Additionally, agencies report that retirees make up 24 percent of all quitting workers. At rural agencies, 34 percent of departures are retirements which is not surprising given that 43 percent of transit workers are over age 55, nearly double the percentage of the broader transportation sector.
“The aging of the transit workforce suggests agencies should plan for an increase in the rate of retirements over the next five to 10 years. Transit agencies face strong competition for workers,” according to APTA.
During negotiations in 2022 with the union representing BCT bus drivers, a 14 percent pay raise was offered and accepted putting entry-level drivers at a starting salary of $20.61 per hour. Avis says this puts Battle Creek in a competitive wage and benefits range with cities such as Jackson, Kalamazoo, and Lansing.
A vehicle in the fleet operated by BC Transit.
“We focused our efforts and recruitment and negotiations with the union as a way to provide service. We have expanded our van service and reduced our hours of service on fixed routes, but increased our demand-response vans and short buses,” she says. “Our applicants want to drive for our BCGo Calhoun County service.”
Drivers with more seniority and those who aren’t able because of physical issues to perform the duties that go along with driving a regular full-size city bus are assigned to drive the vans and short buses.
In 2022 there were 30,000 requests for rides throughout the County with 19,000 of those requests that could be fulfilled through BCGo Calhoun County
, a pilot public transportation service funded through a three-year $1.1 million grant from the Michigan Department of Transportation
. BCGo, operating as a revamped version of one that initially began in 2019, was launched in March 2021, allowing residents to book a ride in as little as 30 minutes via a smartphone app or a telephone call. The re-designed version maintained the service area that had been expanded from 78 square miles to 718 square miles under the first model.
The three-year MDOT grant, which was extended through September 2024, covers the cost of purchasing and operating two minivans for the program that BCT manages. Avis says the program has been “wildly successful," but unable to meet increasing ride requests.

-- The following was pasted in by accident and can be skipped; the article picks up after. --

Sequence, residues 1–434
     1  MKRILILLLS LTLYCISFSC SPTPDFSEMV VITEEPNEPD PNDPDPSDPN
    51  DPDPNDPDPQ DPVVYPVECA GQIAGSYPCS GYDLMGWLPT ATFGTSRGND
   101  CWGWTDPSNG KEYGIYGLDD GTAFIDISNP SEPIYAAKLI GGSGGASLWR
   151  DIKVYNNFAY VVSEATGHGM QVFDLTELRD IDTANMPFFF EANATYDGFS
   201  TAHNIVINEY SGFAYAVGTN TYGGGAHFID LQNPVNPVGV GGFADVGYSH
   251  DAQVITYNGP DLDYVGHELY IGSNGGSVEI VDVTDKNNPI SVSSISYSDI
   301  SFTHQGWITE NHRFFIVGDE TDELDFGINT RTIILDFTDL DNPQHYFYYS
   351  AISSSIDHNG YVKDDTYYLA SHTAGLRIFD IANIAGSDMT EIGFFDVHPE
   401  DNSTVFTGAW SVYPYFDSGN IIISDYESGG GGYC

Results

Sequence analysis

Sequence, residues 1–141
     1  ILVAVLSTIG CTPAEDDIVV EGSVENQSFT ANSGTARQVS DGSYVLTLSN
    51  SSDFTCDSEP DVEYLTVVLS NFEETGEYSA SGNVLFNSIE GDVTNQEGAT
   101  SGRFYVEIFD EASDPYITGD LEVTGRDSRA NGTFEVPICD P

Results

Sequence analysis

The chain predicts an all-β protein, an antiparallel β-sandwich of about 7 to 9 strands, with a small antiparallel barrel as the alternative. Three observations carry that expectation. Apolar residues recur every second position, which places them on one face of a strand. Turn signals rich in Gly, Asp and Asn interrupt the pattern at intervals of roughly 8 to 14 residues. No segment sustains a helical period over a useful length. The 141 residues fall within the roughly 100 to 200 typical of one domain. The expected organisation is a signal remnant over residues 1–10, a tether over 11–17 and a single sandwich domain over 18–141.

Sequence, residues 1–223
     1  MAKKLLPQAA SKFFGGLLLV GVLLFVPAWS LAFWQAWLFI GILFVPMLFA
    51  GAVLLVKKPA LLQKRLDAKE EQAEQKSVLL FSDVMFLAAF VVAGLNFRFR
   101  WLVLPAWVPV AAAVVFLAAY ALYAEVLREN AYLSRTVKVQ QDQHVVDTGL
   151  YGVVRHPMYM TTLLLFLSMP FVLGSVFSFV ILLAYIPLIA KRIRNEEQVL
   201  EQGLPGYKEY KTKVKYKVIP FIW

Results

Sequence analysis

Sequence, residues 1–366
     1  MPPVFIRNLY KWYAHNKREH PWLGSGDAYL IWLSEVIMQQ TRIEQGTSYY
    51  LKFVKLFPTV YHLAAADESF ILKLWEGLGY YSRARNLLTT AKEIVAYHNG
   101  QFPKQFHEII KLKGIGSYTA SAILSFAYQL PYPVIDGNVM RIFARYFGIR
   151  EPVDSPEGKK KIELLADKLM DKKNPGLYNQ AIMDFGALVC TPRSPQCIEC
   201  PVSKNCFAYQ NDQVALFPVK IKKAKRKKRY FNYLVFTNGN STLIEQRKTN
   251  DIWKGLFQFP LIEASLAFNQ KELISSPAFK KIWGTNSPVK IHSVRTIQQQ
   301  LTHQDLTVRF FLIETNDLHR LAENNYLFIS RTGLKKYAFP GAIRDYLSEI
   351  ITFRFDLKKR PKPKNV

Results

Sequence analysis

Smith says she was among those requesting rides who were unable to get them.
“I used to tell the City Commission that bad transit doesn’t affect anyone except those who need it,” she says.
Getting off the bus
Despite the competitive wages and benefits offered by BCT, Avis says there are other factors that potential candidates take into consideration, such as the hours they are expected to work, the training required, and fear of threats to their safety.
“They are working in an industry where they interact with the public. Our drivers put up with a lot of stuff out there on their own. They’re dealing with people who are intoxicated, have mental health issues and physical disabilities,” Avis says. “It can be draining.”
The Federal Transit Administration says that in recent years there has been a 121 percent increase in transit worker assaults.
A vehicle in the fleet operated by BC Transit.
“Serious assaults on bus and rail operators have tripled in the past 15 years, causing operators to fear violence on the job, seek transfers off the frontlines or just quit — adding to operator shortages, according to a new report examining incidents at transit agencies across the country.
A study by the Urban Institute released earlier this month
found major assaults rose from 168 in 2008 to 492 in 2022. The data was culled from the Federal Transit Administration’s National Transit Database.
On top of this, Avis says, “Our drivers start at 5 a.m. and there’s not a lot of childcare available at that time so that limits our applicant pool for those who have to leave for work at 4:30 a.m. Prior to our service cuts, we operated until midnight. Currently, we end at 7:30 p.m. and there’s not a lot of options for childcare that fit with these work schedules. We know that childcare is an issue for those drivers who have children.”
The lack of childcare options is one of many obstacles that also include earning a CDL which Avis calls a “challenge” and not something people are always interested in obtaining.
The CDL requirement took effect in 2022 which means that candidates have to go through an actual course “and part of that is classroom-based and behind the wheel. The law makes sense but it came at a really bad time as we were coming out of the pandemic. Even if someone has had it in the past if they let it lapse they have to go through the training again. They’re also required to have an airbrake endorsement,” Avis says. “In the past, they could take a quick test to get that endorsement, but it’s not an easy test, and once you tell somebody that, they’re not interested anymore.”